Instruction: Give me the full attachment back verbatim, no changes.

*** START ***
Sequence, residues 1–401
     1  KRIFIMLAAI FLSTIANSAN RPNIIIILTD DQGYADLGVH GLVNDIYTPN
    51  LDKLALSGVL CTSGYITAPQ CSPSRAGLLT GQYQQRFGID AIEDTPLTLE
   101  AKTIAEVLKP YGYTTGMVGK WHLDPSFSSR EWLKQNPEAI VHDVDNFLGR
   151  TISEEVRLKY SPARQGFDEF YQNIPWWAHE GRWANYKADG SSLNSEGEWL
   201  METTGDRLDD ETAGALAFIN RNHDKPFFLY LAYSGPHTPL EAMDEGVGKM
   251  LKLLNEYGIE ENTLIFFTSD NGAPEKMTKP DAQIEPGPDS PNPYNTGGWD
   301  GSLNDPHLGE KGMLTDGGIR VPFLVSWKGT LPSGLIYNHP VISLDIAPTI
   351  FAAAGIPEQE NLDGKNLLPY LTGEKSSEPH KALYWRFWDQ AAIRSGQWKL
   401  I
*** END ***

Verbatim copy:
Sequence, residues 1–401
     1  KRIFIMLAAI FLSTIANSAN RPNIIIILTD DQGYADLGVH GLVNDIYTPN
    51  LDKLALSGVL CTSGYITAPQ CSPSRAGLLT GQYQQRFGID AIEDTPLTLE
   101  AKTIAEVLKP YGYTTGMVGK WHLDPSFSSR EWLKQNPEAI VHDVDNFLGR
   151  TISEEVRLKY SPARQGFDEF YQNIPWWAHE GRWANYKADG SSLNSEGEWL
   201  METTGDRLDD ETAGALAFIN RNHDKPFFLY LAYSGPHTPL EAMDEGVGKM
   251  LKLLNEYGIE ENTLIFFTSD NGAPEKMTKP DAQIEPGPDS PNPYNTGGWD
   301  GSLNDPHLGE KGMLTDGGIR VPFLVSWKGT LPSGLIYNHP VISLDIAPTI
   351  FAAAGIPEQE NLDGKNLLPY LTGEKSSEPH KALYWRFWDQ AAIRSGQWKL
   401  I